The Impact of Childhood Mortality Change on Fertility in Two Rural Districts of Bangladesh

James F. Phillips, Population Council
Mian B. Hossain, Morgan State University

Childhood mortality has been shown to covary with fertility levels in several settings. The causal structure of the relationship between child mortality events and subsequent fertility, however, is often poorly understood. To address this issue, this paper uses twelve years of prospective longitudinal event history data on births and deaths occurring to nearly 8,000 women observed in the Bangladesh Maternal and Child Health and Family Planning Project. Observations span the 1982 to 1992 period, a time in the recent history of Bangladesh in which both childhood mortality and fertility were declining. Discrete-time event history analysis is employed to assess the effect of infant and childhood deaths on subsequent odds of parity progression, controlling for background characteristics of mothers. Results show that the effect of mortality on fertility increases as the overall level of mortality declines. Implications of this finding for policy are reviewed and discussed.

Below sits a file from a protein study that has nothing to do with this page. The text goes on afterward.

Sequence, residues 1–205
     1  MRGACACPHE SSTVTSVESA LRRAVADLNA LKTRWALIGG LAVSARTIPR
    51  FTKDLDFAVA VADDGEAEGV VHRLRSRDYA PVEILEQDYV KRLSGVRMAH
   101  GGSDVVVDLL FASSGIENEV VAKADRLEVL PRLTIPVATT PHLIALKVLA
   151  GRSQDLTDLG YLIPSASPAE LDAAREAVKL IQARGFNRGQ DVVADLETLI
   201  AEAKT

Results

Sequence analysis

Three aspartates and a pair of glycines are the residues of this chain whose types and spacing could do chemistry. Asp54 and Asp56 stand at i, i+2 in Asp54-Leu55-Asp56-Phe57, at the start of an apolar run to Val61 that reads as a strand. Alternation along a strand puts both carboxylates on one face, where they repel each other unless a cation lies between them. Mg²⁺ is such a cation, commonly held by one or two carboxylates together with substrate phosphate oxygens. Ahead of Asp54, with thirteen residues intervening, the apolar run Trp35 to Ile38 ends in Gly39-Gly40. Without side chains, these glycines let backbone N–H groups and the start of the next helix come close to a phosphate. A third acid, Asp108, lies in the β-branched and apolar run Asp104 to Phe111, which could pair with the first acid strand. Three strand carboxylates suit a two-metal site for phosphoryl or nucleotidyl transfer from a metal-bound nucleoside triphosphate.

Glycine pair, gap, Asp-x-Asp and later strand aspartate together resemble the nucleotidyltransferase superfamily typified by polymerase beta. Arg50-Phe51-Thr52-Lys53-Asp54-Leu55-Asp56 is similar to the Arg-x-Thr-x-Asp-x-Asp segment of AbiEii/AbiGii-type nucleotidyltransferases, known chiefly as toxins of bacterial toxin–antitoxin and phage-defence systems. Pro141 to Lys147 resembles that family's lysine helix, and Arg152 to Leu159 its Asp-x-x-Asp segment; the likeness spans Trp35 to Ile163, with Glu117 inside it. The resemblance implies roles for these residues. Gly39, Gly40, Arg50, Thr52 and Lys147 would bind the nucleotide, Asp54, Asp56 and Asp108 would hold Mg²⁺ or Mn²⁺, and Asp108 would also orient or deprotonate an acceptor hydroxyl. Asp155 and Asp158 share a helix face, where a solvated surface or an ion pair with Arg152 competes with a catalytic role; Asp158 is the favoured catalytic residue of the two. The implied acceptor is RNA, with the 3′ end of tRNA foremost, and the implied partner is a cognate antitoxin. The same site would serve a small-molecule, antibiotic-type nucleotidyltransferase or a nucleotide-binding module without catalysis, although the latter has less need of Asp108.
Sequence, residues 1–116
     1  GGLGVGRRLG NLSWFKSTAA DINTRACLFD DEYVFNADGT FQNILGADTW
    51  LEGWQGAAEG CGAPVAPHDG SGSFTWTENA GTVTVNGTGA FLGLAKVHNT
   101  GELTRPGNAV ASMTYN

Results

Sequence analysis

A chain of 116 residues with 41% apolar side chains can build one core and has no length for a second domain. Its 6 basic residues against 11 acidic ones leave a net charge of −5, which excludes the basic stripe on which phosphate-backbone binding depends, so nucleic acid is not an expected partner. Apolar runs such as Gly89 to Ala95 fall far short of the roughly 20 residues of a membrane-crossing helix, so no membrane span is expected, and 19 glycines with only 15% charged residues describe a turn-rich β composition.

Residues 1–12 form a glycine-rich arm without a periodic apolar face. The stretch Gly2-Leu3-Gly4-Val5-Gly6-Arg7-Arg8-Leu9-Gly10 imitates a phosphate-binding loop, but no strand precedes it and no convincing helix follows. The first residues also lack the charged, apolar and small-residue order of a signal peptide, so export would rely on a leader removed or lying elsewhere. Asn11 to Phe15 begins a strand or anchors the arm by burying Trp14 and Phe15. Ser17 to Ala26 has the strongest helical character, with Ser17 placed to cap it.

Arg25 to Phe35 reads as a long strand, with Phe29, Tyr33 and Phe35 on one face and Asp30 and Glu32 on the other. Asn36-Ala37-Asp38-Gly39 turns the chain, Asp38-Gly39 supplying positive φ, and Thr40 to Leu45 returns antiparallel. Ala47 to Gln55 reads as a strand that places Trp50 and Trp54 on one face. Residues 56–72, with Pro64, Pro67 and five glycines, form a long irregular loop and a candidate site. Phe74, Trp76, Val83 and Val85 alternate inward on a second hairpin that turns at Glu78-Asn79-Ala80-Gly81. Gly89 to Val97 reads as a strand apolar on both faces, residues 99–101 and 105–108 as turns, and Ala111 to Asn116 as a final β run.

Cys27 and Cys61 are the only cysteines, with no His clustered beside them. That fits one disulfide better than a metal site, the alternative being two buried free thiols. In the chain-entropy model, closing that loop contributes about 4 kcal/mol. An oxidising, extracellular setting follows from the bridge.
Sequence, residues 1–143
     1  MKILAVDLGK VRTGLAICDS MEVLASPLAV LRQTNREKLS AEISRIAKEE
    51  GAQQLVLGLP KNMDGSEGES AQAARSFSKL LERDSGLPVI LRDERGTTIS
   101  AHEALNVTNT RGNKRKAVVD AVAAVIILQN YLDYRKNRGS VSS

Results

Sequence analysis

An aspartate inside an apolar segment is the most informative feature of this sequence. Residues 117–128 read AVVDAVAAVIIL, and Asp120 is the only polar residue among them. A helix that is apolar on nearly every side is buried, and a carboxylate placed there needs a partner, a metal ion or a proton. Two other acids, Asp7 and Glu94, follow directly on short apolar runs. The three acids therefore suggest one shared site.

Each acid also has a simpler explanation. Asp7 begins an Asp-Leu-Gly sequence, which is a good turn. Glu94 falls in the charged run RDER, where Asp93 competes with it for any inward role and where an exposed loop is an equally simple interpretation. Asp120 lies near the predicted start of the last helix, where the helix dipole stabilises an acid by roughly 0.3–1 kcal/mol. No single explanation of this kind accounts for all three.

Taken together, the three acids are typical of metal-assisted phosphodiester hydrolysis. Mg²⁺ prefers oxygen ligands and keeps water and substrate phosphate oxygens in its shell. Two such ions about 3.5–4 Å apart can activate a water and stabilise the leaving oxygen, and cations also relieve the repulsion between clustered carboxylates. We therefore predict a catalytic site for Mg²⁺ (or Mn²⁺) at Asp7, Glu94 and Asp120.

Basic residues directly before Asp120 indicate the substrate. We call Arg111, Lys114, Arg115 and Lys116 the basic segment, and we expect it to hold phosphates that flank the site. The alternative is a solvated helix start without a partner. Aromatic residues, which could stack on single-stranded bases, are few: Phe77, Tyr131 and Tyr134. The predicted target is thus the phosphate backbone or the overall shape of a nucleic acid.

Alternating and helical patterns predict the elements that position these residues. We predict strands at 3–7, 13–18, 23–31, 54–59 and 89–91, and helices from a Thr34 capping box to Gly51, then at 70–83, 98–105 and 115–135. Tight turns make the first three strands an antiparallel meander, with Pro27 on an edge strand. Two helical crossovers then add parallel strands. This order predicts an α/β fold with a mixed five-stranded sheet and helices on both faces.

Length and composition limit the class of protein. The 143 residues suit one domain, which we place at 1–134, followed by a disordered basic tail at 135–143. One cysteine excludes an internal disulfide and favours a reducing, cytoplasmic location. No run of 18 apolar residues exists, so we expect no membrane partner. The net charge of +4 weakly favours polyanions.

Presented in Session 10: Fertility Impact of Mortality Change